sun 26/05/2019

Così fan tutte, Welsh National Opera | reviews, news & interviews

Così fan tutte, Welsh National Opera

Così fan tutte, Welsh National Opera

Mozartian sophistication still stuck in Barry Island mud on a Fifties bank holiday

Guglielmo and the original Ferrando (Robin Tritschler) with false noses and teddy bearsCatherine Ashmore

For some reason, the Welsh have revived their Così fan tutte, from last year, with positively unseemly haste – if not quite so unseemly as the haste with which their La Bohème, from this spring, was wheeled back on last month barely three months after its first airing. It looks as if the outgoing intendant John Fisher, never notable for lively repertory planning, was either clearing his desk, or had simply scarpered. His successor, David Pountney, has bravely been much in evidence on company first nights this year, but cannot yet be blamed for what he, and we, are hearing and seeing.

This Così, directed by Benjamin Davis and designer Max Jones with a vulgarity that I prefer not to describe again (suffice it to say that Barry Island pier on August bank holiday seems to have been the model), was at least reasonably well sung when it was new. The revival is to put it mildly substandard, and in some respects utterly unworthy of a company with the international reputation that WNO has enjoyed, and rightly enjoyed, over many, many years.

The orchestra cope, of course, brilliantly; the singers less well

The problem begins, it must be said, in the pit. Mark Wigglesworth, a conductor whose huge talent needs no praise from me, leads the entire performance as if his main aim is to get it over with as soon as possible. Perhaps one shouldn’t blame him. He is the only person down there who can see what is going on on the stage: the ghastly pantomime crocodiles and fat ladies, the trick buttonholes and false noses. But the performance often actually sounds as if he can’t bear to watch, but prefers to scurry on regardless of the difficulties his galloping tempi pose for his singers. The orchestra cope, of course, brilliantly; the singers less well.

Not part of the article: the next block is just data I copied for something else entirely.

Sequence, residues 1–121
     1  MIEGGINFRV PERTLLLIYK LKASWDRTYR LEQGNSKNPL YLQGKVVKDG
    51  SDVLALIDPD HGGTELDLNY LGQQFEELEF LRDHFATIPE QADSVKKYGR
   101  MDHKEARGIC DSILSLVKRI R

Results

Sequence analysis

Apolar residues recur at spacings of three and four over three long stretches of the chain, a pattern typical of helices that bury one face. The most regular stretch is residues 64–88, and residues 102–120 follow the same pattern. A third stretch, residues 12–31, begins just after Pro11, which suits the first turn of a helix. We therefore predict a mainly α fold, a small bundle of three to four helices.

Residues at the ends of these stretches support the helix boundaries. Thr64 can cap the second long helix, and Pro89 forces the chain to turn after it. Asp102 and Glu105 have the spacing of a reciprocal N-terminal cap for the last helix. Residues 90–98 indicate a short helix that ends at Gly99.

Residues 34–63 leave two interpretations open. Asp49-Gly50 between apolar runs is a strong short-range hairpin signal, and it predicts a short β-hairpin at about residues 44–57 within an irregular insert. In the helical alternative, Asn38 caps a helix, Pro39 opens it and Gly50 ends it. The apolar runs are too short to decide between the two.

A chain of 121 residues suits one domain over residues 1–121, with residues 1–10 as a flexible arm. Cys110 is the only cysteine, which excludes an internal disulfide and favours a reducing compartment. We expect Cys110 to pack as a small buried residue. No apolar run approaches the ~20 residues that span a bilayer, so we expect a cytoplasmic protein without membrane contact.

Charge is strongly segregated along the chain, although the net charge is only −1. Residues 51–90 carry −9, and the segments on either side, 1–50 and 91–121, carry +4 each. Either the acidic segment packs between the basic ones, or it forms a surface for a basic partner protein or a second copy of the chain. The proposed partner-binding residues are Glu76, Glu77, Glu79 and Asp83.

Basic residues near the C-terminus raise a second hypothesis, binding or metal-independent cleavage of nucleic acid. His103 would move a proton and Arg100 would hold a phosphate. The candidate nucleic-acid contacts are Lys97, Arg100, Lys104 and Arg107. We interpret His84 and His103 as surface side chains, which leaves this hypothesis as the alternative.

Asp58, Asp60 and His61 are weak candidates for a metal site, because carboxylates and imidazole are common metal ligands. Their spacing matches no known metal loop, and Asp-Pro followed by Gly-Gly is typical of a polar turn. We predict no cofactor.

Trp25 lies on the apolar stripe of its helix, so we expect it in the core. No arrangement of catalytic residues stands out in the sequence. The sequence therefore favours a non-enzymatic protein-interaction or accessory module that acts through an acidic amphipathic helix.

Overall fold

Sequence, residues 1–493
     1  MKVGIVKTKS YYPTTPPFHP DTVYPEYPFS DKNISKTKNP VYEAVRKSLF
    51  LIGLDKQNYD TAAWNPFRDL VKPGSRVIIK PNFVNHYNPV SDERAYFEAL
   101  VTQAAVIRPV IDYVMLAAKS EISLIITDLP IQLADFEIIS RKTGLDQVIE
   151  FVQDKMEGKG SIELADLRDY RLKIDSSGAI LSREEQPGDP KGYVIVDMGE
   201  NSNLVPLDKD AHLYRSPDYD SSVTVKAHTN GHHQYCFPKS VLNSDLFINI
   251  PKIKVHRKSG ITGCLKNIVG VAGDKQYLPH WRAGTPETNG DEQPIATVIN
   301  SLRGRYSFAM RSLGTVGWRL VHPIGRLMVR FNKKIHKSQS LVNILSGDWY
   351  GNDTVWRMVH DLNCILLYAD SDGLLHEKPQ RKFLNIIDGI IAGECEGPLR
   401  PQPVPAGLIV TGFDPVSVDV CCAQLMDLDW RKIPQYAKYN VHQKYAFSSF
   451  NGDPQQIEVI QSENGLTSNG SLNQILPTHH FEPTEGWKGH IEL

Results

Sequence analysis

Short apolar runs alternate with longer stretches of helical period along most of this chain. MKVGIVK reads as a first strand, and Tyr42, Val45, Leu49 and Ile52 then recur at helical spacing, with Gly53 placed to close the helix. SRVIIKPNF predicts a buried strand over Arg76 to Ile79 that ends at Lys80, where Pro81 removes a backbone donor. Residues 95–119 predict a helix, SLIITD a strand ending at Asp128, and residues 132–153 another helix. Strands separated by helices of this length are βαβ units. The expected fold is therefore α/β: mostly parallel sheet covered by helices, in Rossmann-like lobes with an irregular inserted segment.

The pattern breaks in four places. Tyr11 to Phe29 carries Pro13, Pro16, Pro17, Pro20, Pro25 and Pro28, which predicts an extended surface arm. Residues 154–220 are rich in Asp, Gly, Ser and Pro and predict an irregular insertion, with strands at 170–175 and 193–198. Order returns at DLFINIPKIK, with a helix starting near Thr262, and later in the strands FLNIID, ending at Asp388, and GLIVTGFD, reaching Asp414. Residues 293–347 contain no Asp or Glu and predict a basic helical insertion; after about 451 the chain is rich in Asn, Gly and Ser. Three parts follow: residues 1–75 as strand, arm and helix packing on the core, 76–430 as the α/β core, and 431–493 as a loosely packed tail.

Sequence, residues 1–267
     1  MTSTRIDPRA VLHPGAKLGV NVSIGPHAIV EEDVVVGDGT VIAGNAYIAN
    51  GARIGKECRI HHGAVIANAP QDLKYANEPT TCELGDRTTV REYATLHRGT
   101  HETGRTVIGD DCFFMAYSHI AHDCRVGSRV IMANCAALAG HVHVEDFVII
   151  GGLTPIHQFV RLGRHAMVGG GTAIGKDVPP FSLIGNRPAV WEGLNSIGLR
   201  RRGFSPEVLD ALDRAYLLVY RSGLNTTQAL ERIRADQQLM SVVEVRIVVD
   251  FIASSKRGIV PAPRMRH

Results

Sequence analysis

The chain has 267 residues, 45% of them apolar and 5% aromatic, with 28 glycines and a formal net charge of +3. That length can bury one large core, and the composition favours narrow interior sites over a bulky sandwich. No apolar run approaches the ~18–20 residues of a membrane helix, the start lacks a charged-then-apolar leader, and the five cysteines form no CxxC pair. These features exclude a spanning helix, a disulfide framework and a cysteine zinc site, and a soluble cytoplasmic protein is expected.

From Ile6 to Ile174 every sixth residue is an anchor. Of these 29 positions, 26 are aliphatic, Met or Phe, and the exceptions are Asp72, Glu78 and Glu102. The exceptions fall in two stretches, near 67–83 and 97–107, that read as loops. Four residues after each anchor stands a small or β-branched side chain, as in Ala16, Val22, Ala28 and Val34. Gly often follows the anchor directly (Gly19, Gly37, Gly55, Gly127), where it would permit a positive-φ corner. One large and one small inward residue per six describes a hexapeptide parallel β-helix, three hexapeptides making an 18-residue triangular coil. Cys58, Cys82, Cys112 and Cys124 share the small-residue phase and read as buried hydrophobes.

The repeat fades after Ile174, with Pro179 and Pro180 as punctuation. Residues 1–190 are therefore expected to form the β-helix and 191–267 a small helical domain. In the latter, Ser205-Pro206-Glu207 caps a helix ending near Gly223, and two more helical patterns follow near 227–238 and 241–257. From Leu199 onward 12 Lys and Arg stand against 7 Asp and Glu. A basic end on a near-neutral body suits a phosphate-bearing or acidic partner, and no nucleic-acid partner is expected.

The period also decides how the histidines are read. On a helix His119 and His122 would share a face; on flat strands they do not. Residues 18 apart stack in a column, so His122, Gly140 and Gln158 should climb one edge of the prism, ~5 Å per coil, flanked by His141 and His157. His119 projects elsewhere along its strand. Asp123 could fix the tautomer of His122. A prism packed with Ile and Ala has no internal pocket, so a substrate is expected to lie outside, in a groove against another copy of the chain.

Sometimes one feels sorry for them. Poor Fiordiligi (Elizabeth Watts), forced to sing “Come scoglio”, one of the tricky showpieces of the soprano repertoire, framed by a kaleidoscope of stage business, understandably makes little of it musically, though she projects its ill temper effectively enough. Only with “Per pietà” in the second act, where the director leaves her alone, does she blossom into a vocal actress worthy of this astounding music.

The other occasional star of the show is the Despina, Joanne Boag, a vocal comedian of huge charm and an agile singer who can even bring off “Una donna a quindici anni” waving a lavatory brush (and showering her supposed employers – though they aren’t that in this production, the many textual references notwithstanding – with its contents). Neal Davies (pictured right) repeats his adequate, pier-entertainer Don Alfonso from last year, though his stage persona (not his fault) reduces the philosopher’s gamble to the illegal passing of a betting slip.

The rest is disappointment or worse. The Dorabella, Cora Burggraaf, waves her arms and willowy form around enthusiastically, but is increasingly troubled by the music, ending with an “È amore un ladroncello” devoid of tone and musical focus, supported, though, by lovely woodwind playing. Andrew Tortise sings Ferrando with level fluency but with a chilly, white tone that one half-suspects he might blame on the plastic nose that passes for disguise on the Glamorgan coast. The Guglielmo, Gary Griffiths, also false-nosed, has his moments in the brilliant “Non siate ritrosi” (“bel naso,” indeed), but elsewhere seems to have difficulty sustaining even the role’s hypocritical ardour in tennis shorts and Butlins blazer.

I nourish the hope that the rapid revival of this well-managed but tasteless farrago may be a prelude to its swift demise. The banks of empty seats might suggest I'm not alone in this. But too many great works popped in and out under Fisher’s unsteady hand (I recall the Fidelio with undiminished horror). Roll on the Pountney era.

Mark Wigglesworth conducts the entire performance as if his main aim is to get it over with as soon as possible

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